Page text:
WILLIAMSTOWN - After more than a decade of work, the Williamstown Wetlands was officially opened to the public on Thursday with a ribbon-cutting ceremony.
"This has been a 10-year project for us and we couldn't have done it without all of the volunteers, professionals and others who cooperated and worked with us," said event coordinator Betsy Caltrider with the Williamstown Woman's Club.
The event, which took place at the Wetlands Trail entrance kiosk at the back parking lot of DaVinci's Italian Restaurant, included members of the woman's club, which has led the project since its inception in 2001, as well as several officials and volunteers.
Betsy Caltrider with the Williamstown Woman’s Club cuts the ribbon on the Williamstown Wetlands project on Thursday as, from left, Sharon Sheridan with the Parkersburg Woman’s Club, Jody Cunningham with the Williamstown Woman’s Club, Rita F. Stephan with the Williamstown Woman’s Club, Kurt Simon with the National Resource Conservation Service, Williamstown Mayor Jean Ford, Keith Krantz with the West Virginia Division of Natural Resources, Marvin Kerr with the NRCS, Jeff Westfall with the Civilian Conservation Corps in West Virginia and Norm Bailey with the NRCS look on. (Photo by Jolene Craig)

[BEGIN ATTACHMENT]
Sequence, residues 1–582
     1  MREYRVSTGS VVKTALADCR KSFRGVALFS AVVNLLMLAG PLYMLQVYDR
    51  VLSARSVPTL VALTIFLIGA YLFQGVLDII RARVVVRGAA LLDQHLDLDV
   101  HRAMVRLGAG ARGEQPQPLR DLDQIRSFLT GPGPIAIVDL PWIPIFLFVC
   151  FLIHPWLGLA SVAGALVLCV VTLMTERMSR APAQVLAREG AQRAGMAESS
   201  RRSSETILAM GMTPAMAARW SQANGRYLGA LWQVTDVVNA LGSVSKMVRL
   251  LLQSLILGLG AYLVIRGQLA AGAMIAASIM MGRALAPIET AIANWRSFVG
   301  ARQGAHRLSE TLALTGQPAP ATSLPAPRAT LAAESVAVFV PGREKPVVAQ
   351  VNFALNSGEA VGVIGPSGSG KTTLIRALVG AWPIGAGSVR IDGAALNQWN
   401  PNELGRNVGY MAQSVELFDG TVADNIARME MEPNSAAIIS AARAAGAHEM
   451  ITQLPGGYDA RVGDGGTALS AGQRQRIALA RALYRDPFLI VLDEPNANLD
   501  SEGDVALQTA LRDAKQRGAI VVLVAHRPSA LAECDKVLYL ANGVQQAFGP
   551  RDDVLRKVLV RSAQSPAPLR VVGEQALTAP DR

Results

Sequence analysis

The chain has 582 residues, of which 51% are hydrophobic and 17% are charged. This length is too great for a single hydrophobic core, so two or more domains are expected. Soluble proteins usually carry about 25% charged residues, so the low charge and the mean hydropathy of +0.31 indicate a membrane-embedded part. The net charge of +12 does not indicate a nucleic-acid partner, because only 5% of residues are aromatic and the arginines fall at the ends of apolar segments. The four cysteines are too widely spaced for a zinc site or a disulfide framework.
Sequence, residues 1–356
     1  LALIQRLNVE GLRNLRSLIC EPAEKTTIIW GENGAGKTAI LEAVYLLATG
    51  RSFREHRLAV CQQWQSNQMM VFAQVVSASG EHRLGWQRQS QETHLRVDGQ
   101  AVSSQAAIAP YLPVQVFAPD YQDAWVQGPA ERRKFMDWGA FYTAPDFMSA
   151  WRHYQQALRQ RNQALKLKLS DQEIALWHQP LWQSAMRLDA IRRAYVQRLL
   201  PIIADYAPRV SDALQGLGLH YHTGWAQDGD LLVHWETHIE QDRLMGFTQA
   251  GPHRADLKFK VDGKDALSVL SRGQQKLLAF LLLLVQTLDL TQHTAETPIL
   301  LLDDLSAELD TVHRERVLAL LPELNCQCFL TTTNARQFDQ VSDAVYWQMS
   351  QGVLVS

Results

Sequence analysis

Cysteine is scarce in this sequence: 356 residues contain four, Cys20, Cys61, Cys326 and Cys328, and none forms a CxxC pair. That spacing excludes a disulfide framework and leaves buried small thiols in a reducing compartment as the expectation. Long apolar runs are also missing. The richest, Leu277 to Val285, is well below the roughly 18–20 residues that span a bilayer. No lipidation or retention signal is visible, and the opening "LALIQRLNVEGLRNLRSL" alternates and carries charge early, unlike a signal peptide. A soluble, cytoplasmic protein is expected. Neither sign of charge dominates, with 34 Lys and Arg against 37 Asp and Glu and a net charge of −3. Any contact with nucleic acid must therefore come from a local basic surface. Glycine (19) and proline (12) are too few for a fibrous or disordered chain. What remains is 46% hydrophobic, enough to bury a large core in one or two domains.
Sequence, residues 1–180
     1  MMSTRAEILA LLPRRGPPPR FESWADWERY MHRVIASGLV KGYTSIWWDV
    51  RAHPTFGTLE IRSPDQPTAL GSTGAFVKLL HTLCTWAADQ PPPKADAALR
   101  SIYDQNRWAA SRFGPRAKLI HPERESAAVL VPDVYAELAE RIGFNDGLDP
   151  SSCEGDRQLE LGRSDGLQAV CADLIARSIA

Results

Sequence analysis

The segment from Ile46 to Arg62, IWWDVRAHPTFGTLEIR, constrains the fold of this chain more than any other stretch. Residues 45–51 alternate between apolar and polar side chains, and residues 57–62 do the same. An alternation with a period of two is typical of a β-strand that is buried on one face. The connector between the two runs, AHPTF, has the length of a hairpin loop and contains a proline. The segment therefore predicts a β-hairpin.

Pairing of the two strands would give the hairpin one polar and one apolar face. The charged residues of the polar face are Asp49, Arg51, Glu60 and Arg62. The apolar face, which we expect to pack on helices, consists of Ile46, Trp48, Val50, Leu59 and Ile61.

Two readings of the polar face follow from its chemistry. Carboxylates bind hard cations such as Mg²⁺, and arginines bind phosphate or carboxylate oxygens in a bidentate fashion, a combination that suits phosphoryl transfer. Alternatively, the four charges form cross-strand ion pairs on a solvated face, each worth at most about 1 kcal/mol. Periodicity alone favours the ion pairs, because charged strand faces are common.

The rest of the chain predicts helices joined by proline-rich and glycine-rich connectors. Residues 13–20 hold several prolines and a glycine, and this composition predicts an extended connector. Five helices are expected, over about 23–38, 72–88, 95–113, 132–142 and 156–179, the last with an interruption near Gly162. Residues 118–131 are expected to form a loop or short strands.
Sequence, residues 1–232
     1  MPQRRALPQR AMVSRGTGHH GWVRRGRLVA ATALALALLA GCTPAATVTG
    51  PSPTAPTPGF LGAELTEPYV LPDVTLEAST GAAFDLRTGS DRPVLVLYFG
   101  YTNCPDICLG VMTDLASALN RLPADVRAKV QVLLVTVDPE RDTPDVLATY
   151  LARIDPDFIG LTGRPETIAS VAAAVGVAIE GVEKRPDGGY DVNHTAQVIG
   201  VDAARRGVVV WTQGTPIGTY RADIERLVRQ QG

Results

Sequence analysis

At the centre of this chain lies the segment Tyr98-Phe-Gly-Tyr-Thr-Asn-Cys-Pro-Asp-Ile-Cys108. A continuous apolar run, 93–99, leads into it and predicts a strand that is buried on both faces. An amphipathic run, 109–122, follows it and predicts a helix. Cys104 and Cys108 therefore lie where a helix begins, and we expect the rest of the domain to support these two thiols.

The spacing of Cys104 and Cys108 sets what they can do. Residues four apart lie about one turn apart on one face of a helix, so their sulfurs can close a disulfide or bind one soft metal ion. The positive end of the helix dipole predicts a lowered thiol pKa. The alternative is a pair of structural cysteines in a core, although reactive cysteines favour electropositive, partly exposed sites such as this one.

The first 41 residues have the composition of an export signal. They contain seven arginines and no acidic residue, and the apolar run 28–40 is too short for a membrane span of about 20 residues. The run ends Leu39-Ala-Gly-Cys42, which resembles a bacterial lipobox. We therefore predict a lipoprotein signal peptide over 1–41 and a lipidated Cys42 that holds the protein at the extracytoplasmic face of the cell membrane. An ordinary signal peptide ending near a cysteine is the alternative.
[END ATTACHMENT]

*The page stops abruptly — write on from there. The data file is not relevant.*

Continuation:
It was in 2002 the woman's club contacted organizations for technical assistance concerning the wetlands. Several years later DaVinci's Restaurant entered a 10-year, $1 a year lease with the woman's club for the property. About 95 percent of the wetlands is owned by the restaurant.
The woman's club partnered with the West Virginia Division of Natural Resources, Wildlife Resources Section (WRS), the Little Kanawha Resource Conservation and Development program (RC and D) and the Civilian Conservation Corps in West Virginia.
"Out of this partnership the scope of the project expanded to include a recreational/educational component in addition to returning the wetlands area to a healthy and productive habitat," Caltrider said.
Keith Krantz with the W.Va. DNR told the crowd the project was interesting from his perspective.
"This was one of the few projects I've been associated with that has involved so many groups doing so much," he said. "This really was a rallying point."
Williamstown Mayor Jean Ford said the first group that tried to do something with the wetlands wanted to put a fountain in it; the idea was shot down by the Army Corps of Engineers.
"But, through a wonderful twist, the woman's club jumped in," Ford said. "You can see how amazing, beautiful and useful the wetlands now are."
According to the U.S. Department of Natural Resources, the wetlands in Williamstown is the only park of its kind in the center of a town east of the state of Mississippi, Ford said.
"Our little 'swamp' has become a wonderful place to appreciate and enjoy nature," she added.
The project began as a way to create a cleaner environment and teaching tool from what had become a community dumping ground.
As an aside to his welcome to the crowd, Krantz reminded people not to be worried about the green foliage on top of the water at the site.
"It is not pond scum of algae, but Duckweed, a small water-growing plant that ducks living in the wetlands eat and other animals use it as cover to hide from predators."
The Williamstown Wetlands includes an observation deck to see turtles and hear songbirds, a walking trail throughout as well as a variety of plants, flowers, birds and other animals that have made their homes in the restored area.